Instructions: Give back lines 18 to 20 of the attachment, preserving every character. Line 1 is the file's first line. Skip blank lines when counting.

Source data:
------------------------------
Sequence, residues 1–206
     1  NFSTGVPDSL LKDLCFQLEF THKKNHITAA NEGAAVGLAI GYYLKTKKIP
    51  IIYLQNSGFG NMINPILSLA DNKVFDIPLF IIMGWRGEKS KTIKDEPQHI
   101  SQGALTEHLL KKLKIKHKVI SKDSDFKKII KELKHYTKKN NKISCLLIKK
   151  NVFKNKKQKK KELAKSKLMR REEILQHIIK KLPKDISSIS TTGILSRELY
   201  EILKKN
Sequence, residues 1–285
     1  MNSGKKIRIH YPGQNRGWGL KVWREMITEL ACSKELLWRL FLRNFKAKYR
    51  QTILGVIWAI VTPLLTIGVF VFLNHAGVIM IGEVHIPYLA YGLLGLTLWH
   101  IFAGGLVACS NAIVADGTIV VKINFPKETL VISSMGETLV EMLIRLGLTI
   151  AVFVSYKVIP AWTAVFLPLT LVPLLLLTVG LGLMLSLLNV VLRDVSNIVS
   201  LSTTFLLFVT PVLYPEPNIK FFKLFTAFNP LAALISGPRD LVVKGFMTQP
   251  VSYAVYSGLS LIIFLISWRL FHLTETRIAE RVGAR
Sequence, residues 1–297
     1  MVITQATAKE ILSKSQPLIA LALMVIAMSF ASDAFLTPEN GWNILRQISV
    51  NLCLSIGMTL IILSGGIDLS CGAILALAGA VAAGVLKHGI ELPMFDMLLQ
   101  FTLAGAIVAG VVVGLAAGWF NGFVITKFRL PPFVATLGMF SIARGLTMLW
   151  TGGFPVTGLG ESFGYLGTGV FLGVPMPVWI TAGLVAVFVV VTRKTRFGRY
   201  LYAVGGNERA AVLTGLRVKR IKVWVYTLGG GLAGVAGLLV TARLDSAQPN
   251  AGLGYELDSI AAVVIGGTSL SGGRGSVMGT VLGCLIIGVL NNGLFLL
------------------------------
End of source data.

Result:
   151  TGGFPVTGLG ESFGYLGTGV FLGVPMPVWI TAGLVAVFVV VTRKTRFGRY
   201  LYAVGGNERA AVLTGLRVKR IKVWVYTLGG GLAGVAGLLV TARLDSAQPN
   251  AGLGYELDSI AAVVIGGTSL SGGRGSVMGT VLGCLIIGVL NNGLFLL